Hedley Bull, a British scholar of international relations, stated that anarchy was "the central fact of the international system and the starting place for theorizing about it." (Bull 1966: 35) No international legislature makes laws to regulate the relations between states and no supreme executive stands ready to inhibit the actions of a single state when those actions oppose the common will. No authority exists to which one state can turn for justice in its affairs with its neighbors. It is due to this absence of a central governing body that the international system is often described as an anarchical system. Anarchy is, therefore, simply the absence of a higher governing authority. Sovereign states are autonomous and independent. Because of this autonomy there is no world government. 1/ANARCHYJames C. RobertsTowson University
The roots of of the word anarchy literally mean "without a leader." The word combines the Greek prefix "an-" which means without, with the Indo-European root "arkh" which means "begin" or "take the lead." Historically, being without a leader signified the absence of a political ruler (Shipley 1984, 18-19). In common usage anarchy has come to signify both the absence of a ruler and the disorder that is bound up with the absence of a ruler. The Oxford English Dictionary gives its first definition of anarchy as "absence of government; the state of lawlessness due to the absence or inefficiency of the supreme power; political disorder." (Oxford University Press 1971, 301). Although wars and conflict dominate the image of international relations, anarchy does not mean disorder. It simply means that among sovereigns, there is no ruler, no superior authority, and thus no world government. In fact, recent theory of international relations attempts to understand why so much of international relations is well ordered and peaceful in the absence of a supreme ruler. 2/
Literally, anarchy refers to the absence of a ruler. More generally, political anarchy is the condition of any polity that is lacking in formal institutions of government at the system level, that is highly decentralized with respect to the distribution of authority and power. Defined in this way, anarchy is by no means synonymous with disorder or chaos. There is no a priori reason to conclude that the emergence of effective systems of rights and rules is infeasible in polities characterized by a high degree of decentralization with respect to the distribution of authority and power.
(Young 1978, 272)
"With many sovereign states, with no system of law enforceable among them, with each state judging its grievances and ambitions according to the dictates of its own reason or desire - conflict, sometimes leading to war, is bound to occur. To achieve a favorable outcome from such a conflict, a state has to rely on its own devices, the relative efficiency of which must be its constant concern." (Waltz 1959: 159)From this view, anarchy means that nation-states must be constantly aware of the motives and capabilities of their neighbors. Power is measured in relative terms. That is, states need not be the most powerful, merely more powerful than their potential enemies. Cooperation with others should be done cautiously to avoid dependency. Orderly international relations emerge from the uneasy standoff of a balance-of-power where equally powerful states avoid conflict out of uncertainty and fear of the outcome.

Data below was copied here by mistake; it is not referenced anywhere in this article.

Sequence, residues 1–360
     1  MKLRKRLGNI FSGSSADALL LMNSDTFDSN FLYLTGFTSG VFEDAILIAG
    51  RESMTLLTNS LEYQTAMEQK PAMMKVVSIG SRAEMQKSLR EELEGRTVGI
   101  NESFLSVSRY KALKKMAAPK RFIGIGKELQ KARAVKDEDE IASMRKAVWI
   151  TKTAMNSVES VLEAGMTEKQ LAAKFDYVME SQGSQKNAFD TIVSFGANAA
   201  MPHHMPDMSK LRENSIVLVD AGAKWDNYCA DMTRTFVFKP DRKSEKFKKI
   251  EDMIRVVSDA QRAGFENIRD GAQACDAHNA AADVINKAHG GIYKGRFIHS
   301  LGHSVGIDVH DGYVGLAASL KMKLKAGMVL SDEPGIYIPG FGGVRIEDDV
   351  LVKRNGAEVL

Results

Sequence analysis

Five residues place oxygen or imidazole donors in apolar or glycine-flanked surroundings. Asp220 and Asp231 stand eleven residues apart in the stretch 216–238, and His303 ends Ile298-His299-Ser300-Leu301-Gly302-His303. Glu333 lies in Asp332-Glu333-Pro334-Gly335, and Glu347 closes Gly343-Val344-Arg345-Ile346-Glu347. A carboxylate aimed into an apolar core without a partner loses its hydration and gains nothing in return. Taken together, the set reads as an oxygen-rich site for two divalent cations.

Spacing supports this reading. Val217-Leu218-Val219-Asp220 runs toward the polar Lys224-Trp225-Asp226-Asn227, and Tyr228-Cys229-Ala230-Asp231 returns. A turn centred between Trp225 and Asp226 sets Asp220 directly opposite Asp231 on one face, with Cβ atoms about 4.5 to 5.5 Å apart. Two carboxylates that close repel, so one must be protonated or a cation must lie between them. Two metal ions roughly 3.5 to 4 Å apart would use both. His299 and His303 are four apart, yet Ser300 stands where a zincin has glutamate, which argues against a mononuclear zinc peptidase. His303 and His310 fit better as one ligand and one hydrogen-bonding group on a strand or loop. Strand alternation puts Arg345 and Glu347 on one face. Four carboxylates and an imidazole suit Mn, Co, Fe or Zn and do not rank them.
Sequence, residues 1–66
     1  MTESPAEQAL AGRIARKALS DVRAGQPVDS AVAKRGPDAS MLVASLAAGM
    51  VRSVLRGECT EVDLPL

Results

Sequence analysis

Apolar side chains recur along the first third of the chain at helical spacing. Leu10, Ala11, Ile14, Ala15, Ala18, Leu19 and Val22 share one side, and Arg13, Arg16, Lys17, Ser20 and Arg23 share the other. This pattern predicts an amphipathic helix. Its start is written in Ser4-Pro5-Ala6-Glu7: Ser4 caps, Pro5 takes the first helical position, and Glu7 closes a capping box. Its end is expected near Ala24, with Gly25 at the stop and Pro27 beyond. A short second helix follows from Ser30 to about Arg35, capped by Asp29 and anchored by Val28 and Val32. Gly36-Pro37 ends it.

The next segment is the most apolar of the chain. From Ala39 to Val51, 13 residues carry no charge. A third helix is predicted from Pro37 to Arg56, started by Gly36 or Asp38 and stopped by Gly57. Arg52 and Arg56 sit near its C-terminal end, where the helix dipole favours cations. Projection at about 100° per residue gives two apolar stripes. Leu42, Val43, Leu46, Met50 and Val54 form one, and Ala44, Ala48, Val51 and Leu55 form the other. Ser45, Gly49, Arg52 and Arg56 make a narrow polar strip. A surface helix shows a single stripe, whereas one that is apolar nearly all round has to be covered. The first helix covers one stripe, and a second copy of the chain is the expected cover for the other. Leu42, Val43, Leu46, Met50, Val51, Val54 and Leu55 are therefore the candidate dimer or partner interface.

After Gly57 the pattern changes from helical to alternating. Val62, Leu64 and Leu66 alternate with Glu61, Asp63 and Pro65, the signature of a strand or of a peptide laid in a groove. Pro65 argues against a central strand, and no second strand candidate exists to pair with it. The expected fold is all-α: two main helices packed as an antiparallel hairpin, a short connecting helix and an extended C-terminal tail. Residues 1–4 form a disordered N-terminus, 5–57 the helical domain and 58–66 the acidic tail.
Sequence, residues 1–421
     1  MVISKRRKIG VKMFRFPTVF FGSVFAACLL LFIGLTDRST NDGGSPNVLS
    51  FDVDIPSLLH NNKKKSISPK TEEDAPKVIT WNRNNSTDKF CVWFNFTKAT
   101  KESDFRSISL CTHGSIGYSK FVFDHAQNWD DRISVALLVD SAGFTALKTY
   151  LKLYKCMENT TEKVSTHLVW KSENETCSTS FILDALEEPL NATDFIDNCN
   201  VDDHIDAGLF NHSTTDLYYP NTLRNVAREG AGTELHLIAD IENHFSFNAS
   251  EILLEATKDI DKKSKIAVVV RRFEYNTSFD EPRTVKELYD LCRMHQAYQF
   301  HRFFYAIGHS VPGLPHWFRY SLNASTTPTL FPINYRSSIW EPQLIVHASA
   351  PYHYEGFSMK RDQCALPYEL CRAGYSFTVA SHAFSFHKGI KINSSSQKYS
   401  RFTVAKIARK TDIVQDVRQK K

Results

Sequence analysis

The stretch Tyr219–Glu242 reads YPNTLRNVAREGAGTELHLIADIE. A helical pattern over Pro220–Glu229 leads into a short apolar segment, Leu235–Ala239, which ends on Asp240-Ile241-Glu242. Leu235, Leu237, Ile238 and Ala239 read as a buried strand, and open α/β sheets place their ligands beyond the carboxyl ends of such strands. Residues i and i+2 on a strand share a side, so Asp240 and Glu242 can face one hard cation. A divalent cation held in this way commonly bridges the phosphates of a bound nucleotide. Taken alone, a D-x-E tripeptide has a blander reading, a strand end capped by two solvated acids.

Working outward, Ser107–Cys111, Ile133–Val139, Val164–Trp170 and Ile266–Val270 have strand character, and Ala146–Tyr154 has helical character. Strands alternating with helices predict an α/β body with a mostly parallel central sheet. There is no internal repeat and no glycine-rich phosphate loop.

. . . if one plant, sow, build, or possesse a convenient Seat, others may probably be expected to come prepared with forces united, to dispossesse and deprive him, not only of the fruit of his labour, but also of his life or liberty. And the invader again is in the like danger of another.Hobbes posited that because of this anarchical state of nature, humans naturally and inevitably devise government to mediate the disorder. Without government, there can be no commerce, no property, and no order. Sovereign individuals willingly surrender some of their autonomy to obtain these benefits. So, why does the anarchy of the international system not generate a world government in the same manner? Hedley Bull called this question the domestic analogy. He claimed that there are characteristics of the nation-state that preclude a similar process at the international level. Among these characteristics are the state's self-sufficiency and the ability of individuals in a state to bond together for common defense.
And from this diffidence of one another, there is no way for any man to secure himselfe, so reasonable, as Anticipation; that is, by force, or wiles, to master the persons of all men he can, so long, till he see no other power great enough to endanger him. (Hobbes, 1964:83)